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  1. #1
    Junior Member
    Join Date
    May 2004
    Milwaukee Wisconsin

    Hopefully a simple question

    I am an experienced photographer, practicing for 7 years (im 21) and I need some help. A year or so ago, I spent a day in Chicago shooting pictures all day. I was shooting black and white film from a 35mm Pentax SLR. When I got them developed, the pictures turned out in an almost green toned sepia. Someone was telling me that it is a specific type of film, and another person told me that it was just a mistake in the developing. If someone could get back to me and let me know what is true, it would be greatly appreciated. Thanks

  2. #2
    Mig is offline
    Join Date
    Jan 2004
    I ran off on Thursday with a dance troupe from Spain
    Hi jones and welcome to PR! Just FYI, we have a Help Files board for just this type of question.

    To answer your question, it sounds as if you were using C-41 (or 1-hour) black and white film instead of traditional black and white film. And both answers you got were right. The first answer is correct in that this normally would only happen with C-41 B&W film. The second answer is better because C-41 B&W film can be printed without the color cast, as long as the lab knows what they're doing.

    The more common C-41 B&W films are Kodak B&W Plus, Kodak T400CN Professional Black & White, and Ilford's XP-2 Super (my personal favorite of the C-41s). Hope that helped!


  3. #3
    Junior Member
    Join Date
    May 2004
    Milwaukee Wisconsin
    Thanks for getting back to me Mig, it is appreciated. The reason I asked this question is because I am actually trying to recreate the effect of the green toned sepia. If I am trying to do it intentionally, would I purchase some C-41 film and then have it developed as a color roll or as B&W? Or is there a certain type of film that is automatically in a sepia tone? I know a sepia can be easily edited in via computer, but if I can spend less time at a computer and more time in the field, life would be better. Any help would be appreciated.

    P.S. Thanks for letting me know about the help forum, in the future, I will submit posts of this manner there instead.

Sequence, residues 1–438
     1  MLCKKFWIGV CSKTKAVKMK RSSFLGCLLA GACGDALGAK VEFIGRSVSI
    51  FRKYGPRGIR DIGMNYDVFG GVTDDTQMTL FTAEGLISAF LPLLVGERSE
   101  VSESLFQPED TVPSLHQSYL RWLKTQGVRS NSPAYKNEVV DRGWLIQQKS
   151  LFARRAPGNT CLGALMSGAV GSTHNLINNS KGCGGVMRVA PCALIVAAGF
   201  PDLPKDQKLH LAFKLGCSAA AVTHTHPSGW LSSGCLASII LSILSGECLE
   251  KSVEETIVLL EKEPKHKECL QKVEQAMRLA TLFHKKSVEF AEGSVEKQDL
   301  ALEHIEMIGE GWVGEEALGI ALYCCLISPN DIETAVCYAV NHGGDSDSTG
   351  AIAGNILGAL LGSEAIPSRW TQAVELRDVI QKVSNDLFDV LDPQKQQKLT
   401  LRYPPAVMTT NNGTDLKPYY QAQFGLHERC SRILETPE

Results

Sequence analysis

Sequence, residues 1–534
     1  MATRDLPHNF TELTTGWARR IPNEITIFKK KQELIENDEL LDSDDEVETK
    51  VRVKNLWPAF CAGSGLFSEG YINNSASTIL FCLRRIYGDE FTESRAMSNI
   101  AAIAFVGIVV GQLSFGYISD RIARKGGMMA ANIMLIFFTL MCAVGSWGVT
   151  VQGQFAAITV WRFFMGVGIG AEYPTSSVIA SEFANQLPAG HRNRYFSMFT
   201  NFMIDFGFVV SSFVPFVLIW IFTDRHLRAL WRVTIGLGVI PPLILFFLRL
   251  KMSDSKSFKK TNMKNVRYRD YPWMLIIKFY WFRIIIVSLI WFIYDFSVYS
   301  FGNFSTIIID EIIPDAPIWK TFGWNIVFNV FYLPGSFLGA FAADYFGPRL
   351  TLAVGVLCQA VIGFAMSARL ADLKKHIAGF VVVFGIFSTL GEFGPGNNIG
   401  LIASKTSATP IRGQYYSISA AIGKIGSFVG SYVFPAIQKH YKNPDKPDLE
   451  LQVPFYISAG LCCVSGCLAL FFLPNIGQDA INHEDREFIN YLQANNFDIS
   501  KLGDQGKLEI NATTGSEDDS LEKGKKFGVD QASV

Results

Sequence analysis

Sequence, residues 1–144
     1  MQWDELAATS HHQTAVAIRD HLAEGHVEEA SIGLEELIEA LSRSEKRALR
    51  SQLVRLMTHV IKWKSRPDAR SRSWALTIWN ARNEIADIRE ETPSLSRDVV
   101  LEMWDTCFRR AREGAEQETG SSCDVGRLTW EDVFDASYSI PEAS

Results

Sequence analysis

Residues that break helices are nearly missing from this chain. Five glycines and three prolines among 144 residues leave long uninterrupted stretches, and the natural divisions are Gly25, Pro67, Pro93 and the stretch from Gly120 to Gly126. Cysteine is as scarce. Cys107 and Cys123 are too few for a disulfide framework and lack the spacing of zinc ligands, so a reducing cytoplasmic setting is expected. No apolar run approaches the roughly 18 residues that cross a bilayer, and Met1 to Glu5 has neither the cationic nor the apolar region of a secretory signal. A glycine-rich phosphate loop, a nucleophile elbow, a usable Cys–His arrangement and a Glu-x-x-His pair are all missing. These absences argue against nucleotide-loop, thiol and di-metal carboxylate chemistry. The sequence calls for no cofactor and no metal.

4. #4
    has-been... another view's Avatar
    Join Date
    Jan 2003
    Rockford, IL
    C41 is the process for color negative film. There are some films that are designed to work in this chemestry and give you B&W negatives like the ones Mig mentioned. The results are great with T400CN printed on B&W paper, but finding a lab to do that isn't easy. I had one here but they just switched to a digital mini-lab and the prints are nothing like what they used to be. Kodak has also discontinued this film and has one that replaces it and Portra 400BW. Those two films had different looks, so I'm not to sure about what the new one will look like. Because of the change with the lab I won't use it anymore anyway.

    If you like that effect of the color cast, try doing the same thing and seeing if you get the results. Better yet, bring in one of the prints and show them that it's really wrong but you want it anyway. Usually the tinting or toning is done in the printing process, it's not on the film.

    Welcome to - check out viewfinder, we're trying to figure out a date for a Chicago get-together (this fall) if you're interested.

  5. #5
    don't tase me, bro! Asylum Steve's Avatar
    Join Date
    Dec 2003
    Middle Florida

    It's not the film...

    As others have already said, it sounds like you had a C-41 bw film processed. If that's the case, your negatives are indeed black and white, much the same as any "normal" bw film procesed in bw chemistry.

    The tones on your prints are simply from the machine printing on color paper with a bw negative as a source. If you had the lab make color prints from ANY bw negative, it's most likely they would have some type of color cast, too.

    Because this was a "happy accident", exactly duplicaitng the color may be tricky. The advice to bring one of the prints in as an example (using the same type of film) is probably your best bet...
    "Riding along on a carousel...tryin' to catch up to you..."

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